Welcome To The Jungle

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The Jungle-Wifredo Lam 1943
The masterpiece of the exceptional Surrealist Wifredo Lam, The Jungle from 1943, presents in its densely populated canvas a nightmarish, claustrophobic  vision of riotous growth and rapid decay. Blending the human, animal and vegetation within his totemic masked figures with their proliferation of limbs and orbed protuberances, The Jungle exudes a sinister atmosphere of ritualised aggression and menace.

Lam was born in Cuba of mixed Chinese and African descent. His godmother was a famed Santeria practitioner and both his Afro-Cuban  heritage and the orisha (the spirit deities of Santeria, the Cuban equivalent of Vodou) would play an integral part in his mature work. His association with Andre Breton would led to Lam illustrating Breton’s collection of poems, Fata Morgana and Lam was one of the artists and intellectuals that would contribute to the Surrealists re-design of the card deck (see Le Jeu Du Marseille-A Surrealist Pack of Cards) while holed up in a Marseilles mansion while awaiting to escape Europe after the Nazi invasion of France. Lam would also accompany Breton and his wife Elise on his visit to Haiti (see Desire in a Different Climate).

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22 thoughts on “Welcome To The Jungle

    1. What is and isn’t Surrealism is a tricky subject. Lam definitely had Cubist influences, however he self identified as a Surrealist, was friends and worked with the pope of surrealism Andre Breton. There is a good deal of that particularly South American genre Magic realism in lam’s work but I would contend that this in itself was a direct offshoot of surrealism.

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      1. Picasso of the cubism period was definitely his major artistic influence. My contention which is proving rather contentious is that he sought out and embraced surrealism as a doctrine for a period of his artistic career. Surrealism wasn’t a style, if you were surrealist you produced surrealist art. It could be figurative, abstract, semi-abstract, automatism, collage, photo-montage. But obviously an individual artist could be surrealist in one point in their career and something else either before or after. But your point is taken that it is has extensive cubist influences.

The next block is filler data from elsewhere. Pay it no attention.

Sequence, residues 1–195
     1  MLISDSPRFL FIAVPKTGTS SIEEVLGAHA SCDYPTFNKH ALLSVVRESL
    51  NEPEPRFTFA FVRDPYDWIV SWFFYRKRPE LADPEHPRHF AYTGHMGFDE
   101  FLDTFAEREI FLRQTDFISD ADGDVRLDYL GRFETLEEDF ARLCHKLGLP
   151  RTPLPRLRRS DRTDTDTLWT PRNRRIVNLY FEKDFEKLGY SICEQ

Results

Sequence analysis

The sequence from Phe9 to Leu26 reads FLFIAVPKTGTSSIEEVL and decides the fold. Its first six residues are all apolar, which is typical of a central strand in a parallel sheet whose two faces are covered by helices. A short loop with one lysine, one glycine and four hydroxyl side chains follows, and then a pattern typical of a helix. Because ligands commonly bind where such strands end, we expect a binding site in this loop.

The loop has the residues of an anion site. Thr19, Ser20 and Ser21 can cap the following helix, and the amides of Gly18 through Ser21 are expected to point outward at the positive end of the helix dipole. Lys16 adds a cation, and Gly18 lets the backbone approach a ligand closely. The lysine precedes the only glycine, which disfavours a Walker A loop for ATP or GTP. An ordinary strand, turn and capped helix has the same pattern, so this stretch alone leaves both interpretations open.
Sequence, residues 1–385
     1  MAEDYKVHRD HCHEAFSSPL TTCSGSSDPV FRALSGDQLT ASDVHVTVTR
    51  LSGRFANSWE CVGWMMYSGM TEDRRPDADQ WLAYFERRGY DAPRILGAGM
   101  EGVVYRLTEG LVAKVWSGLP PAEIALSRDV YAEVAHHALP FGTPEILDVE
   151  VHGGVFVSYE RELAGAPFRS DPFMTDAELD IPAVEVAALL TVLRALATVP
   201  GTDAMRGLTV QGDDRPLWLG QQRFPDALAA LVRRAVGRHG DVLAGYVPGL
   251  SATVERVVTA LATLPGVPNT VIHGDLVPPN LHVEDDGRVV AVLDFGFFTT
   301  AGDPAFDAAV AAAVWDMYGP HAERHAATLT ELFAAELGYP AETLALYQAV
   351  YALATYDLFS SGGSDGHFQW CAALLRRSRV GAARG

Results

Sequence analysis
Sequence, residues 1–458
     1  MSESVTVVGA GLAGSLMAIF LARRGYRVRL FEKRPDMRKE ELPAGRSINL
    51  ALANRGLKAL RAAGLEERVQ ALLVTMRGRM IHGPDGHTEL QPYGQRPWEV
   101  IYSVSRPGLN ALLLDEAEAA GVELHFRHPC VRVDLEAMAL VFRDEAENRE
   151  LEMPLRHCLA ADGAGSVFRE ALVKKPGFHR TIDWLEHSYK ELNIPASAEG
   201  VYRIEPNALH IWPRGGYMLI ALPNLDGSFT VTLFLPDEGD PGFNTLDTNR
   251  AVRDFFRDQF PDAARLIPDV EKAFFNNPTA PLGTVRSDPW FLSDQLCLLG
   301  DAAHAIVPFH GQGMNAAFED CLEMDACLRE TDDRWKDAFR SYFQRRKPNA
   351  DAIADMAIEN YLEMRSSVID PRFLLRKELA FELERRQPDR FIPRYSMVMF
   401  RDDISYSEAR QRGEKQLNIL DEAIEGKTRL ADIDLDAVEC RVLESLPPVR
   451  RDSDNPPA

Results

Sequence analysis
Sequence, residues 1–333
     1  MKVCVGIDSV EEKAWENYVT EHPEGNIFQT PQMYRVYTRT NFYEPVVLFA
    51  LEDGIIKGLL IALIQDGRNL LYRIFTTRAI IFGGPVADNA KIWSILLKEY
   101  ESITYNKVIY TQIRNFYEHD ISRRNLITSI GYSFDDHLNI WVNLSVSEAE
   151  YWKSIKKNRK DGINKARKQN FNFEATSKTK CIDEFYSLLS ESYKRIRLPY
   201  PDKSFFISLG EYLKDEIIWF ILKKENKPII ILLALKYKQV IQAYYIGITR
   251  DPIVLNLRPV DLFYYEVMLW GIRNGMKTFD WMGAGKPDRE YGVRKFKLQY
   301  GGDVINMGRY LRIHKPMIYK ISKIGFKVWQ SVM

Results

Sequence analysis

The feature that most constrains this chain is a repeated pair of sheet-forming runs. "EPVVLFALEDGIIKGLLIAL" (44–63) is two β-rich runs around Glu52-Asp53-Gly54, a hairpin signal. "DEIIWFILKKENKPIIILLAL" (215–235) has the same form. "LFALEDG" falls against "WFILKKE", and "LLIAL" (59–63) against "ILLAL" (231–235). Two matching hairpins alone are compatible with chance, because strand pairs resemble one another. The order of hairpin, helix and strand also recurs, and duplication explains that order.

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      2. No not at all, avant garde art and politics between the wars were an absolute mine field with the various competing schools.
        My knowledge is by no means extensive or exhaustive and the evidence of your eyes is all anyone can go on.

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    1. There are very good reasons to consider him a surrealist, he was affiliated with the group for a long period during the late 30’s to mid 40’s, but I certainly have no desire to fall out over the matter. Glad you enjoyed thank you Miss Cranes.

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      1. Breton was an opportunist, he collected artists as he did artwork. I am NOT a fan of Breton at all, or his tiresome green outfits. Many of Breton’s relationships with artists were symbiotic. I believe Lam identified himself more as a Cubist/Modernist than a Surrealist, perhaps his greatest influence was Picasso, if you re-visit the illustrations for “Fata Morgana”, it’s quite evident. I don’t really care who Lam was affiliated with during the late 30’s to mid 40’s, or what Wikipedia happens to say. Frida Kahlo is perfect example of this bullshit by Breton, upon meeting her, Breton told her she was a Surrealist, Diego Rivera argued that Frida was a Realist. Agreed, there is no need for a fall out.

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      2. Ouch, I feel quite taken to task for my innocent suggestion that Lam was a Surrealist for a while and this really could led to a fall out (only joking). Breton certainly was dictatorial and did collect artists. Lam greatest influence is without a doubt Picasso I would never argue otherwise but I would say that his engagement with surrealism did alter his artistic course. Breton did have an eye for talent. I would also argue that magic realism had its roots in surrealism. Also that the Latin America and the Caribbean embraced surrealism because of its strong anti-colonialism and the validity it accorded non-western cultures no matter how exoticising it’s tendencies may have been, it was still a sincere rebellion. If you look at my post Re-draw the map, re-write history and re-invent the world you will find a clearer argument which also refers to Frida.

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